There is no question about which is the key period of the year for the
consumer printing market. While the September-October return to school and
university undoubtedly gives the market a much needed boost after the first half
of the year, it is December when we really see a surge in sales.
In 2006, 15 per cent of the year’s inkjet printer sales were rung up in December. Just over half (54 per cent) of those machines were multifunctional devices (MFDs), which continue to dominate sales of consumer printers.
Throughout 2007 we have seen strong double-digit sales growth compared with 2006 for MFDs. Sales have been driven not only by continued price erosion and value for money of both photo and non-photo models (a quarter of all printers sold in September cost less than £35; 77 per cent under £75), but also by the arrival of consumer-friendly fax- and wireless-enabled machines.
With year-to-date sales growth of 63 per cent, fax-enabled MFDs now account for close to one in five of all units sold a high proportion considering the prominence of much cheaper traditional printer/copier/
scanner models. Wireless, which has only been fully embraced by some manufacturers since June, is now an integrated feature in almost one in every 10 models sold.
Total year-to-date (January to September 2007) inkjet MFD sales are up 37 per cent on 2006. While the strength of sales performance in the final quarter of 2006 means I would anticipate this figure falling to somewhere around the 25 per cent mark by the end of the year, MFDs will be the key sector for both manufacturers and retailers this Christmas, particularly as single-function devices are having such a rough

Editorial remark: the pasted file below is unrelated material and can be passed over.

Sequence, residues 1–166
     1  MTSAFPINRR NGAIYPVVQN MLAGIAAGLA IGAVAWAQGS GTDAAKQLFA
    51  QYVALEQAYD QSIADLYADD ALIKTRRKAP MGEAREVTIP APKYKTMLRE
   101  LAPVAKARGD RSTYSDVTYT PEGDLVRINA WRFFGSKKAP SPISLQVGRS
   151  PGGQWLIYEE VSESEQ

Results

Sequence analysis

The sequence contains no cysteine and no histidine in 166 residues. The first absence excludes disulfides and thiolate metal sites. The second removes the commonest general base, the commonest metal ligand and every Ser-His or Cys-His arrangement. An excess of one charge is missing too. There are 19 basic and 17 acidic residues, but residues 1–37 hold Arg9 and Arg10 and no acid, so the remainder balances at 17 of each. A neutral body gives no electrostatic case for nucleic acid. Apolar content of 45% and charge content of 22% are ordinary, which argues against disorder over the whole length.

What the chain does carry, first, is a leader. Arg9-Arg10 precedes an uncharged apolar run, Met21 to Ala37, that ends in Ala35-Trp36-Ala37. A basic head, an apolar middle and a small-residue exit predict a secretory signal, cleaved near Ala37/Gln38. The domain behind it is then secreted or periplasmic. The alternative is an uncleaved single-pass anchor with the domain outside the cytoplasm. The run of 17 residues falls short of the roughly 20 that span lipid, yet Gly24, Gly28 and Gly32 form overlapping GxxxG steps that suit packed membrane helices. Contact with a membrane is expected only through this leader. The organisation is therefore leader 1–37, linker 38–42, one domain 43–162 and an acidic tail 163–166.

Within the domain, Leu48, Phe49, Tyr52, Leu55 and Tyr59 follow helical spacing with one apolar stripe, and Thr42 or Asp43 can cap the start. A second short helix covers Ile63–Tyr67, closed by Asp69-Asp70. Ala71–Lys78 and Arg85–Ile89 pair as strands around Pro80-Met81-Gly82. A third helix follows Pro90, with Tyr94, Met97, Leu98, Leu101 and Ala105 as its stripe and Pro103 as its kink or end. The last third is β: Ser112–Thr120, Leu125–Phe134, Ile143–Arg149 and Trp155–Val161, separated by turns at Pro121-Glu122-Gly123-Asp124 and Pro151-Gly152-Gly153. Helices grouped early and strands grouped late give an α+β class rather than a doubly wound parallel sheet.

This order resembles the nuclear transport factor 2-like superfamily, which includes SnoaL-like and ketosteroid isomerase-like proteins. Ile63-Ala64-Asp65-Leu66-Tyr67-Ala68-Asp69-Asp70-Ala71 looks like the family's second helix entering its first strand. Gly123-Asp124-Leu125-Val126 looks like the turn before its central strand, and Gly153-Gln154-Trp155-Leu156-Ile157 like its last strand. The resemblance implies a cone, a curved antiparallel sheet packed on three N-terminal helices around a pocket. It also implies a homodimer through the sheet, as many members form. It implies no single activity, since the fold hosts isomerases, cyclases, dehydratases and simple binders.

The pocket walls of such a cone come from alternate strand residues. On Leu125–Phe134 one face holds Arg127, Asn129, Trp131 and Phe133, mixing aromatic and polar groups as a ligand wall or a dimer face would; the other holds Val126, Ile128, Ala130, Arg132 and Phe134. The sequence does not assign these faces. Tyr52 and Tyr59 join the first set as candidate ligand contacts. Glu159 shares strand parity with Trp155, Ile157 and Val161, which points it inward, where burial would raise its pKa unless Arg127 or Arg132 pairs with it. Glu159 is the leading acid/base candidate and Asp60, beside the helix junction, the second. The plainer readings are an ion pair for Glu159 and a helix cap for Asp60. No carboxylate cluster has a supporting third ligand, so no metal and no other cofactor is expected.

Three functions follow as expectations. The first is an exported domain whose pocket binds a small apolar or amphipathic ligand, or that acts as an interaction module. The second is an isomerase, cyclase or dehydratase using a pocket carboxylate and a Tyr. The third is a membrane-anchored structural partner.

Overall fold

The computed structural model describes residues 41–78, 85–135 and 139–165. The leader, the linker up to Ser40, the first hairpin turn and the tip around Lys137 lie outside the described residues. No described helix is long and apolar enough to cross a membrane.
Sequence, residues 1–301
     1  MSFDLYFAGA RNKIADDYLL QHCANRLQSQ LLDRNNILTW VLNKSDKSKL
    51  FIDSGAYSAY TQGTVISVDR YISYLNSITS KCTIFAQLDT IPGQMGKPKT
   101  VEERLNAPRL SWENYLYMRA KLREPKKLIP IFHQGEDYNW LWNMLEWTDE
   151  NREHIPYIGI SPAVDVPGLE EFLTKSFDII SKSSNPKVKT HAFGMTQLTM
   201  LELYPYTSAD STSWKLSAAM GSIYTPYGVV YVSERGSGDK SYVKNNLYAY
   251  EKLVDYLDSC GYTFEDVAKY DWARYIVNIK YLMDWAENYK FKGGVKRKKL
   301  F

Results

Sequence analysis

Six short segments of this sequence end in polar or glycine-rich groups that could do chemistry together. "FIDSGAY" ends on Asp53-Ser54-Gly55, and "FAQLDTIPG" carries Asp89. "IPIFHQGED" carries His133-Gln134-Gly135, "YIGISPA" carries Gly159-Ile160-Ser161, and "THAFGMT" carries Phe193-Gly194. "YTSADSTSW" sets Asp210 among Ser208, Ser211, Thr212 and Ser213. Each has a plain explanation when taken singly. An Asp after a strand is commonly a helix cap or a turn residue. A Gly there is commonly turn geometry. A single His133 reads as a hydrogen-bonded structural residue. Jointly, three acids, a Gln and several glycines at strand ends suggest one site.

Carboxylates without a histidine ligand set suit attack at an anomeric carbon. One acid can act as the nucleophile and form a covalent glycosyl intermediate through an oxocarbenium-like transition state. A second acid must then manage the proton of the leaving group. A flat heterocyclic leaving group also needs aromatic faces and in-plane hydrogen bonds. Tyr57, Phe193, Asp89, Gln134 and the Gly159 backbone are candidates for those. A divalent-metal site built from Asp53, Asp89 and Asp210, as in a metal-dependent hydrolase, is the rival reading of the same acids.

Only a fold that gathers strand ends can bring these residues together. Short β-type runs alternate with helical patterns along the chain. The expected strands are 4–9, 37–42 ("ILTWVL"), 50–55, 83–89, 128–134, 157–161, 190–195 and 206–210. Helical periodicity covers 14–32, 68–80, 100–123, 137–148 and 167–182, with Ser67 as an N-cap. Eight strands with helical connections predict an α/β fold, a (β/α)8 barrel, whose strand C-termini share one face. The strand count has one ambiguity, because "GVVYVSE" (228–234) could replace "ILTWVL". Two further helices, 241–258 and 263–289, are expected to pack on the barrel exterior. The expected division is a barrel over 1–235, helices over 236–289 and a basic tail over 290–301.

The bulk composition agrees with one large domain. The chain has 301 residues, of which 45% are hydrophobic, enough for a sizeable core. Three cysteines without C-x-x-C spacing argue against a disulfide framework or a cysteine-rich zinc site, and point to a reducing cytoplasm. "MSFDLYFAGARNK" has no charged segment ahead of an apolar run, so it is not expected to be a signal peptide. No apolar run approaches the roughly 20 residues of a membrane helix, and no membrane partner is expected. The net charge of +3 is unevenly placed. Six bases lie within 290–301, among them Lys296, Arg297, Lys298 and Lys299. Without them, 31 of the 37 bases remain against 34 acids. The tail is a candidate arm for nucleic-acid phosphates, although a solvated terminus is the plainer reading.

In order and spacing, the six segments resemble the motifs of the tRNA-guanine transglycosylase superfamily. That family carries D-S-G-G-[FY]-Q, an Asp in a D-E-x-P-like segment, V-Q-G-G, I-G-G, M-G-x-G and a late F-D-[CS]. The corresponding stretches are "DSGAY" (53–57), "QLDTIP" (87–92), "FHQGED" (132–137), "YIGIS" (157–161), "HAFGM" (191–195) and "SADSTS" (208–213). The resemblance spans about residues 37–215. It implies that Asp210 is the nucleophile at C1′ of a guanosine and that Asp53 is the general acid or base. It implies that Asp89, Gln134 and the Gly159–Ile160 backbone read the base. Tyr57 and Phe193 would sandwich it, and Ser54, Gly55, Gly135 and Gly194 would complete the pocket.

time of it.
In contrast to the MFD sector, and as a direct consequence of its success, the sales of A4 single-function printers have seen big, double-digit volume and value declines throughout the year. Overall year-to-date sales have fallen by 21 per cent compared with 2006.
The price gap between a multifunctional and single-function device has disappeared in the past 18 months. At £80, the average price
of a multifunctional photo-capable machine (one with six or more colours, card slots or PictBridge) is now less than that of the single-function equivalent (£85).
In addition to dropping prices, many major retail outlets have continued to move further towards multifunctional machines in terms of their ranging, prominence in store and promotion. With the exception of the bargain end of the market, and some attractively priced camera and small photo printer bundles, this trend is likely to continue, moving into the festive period.
Small photo printers (devices with smaller than A4 output) have fared even worse. Year-to-date sales are 30 per cent down on 2006. The sector has moved from year-on-year growth to decline in a very short time span.
The small photo printer sector is strongly affected by seasonality and is dependent on gift buying. A third of the sector’s 2006 sales came in December and while there will undoubtedly be a Santa-driven surge in sales, the level reached will probably be significantly less than the 220,000 units and 33 per cent share shifted last year, as more consumers opt for gifts such as LCD image frames. September sales of such frames were more than double those of small photo printers.
Neil Frackiewicz is an analyst at GfK.
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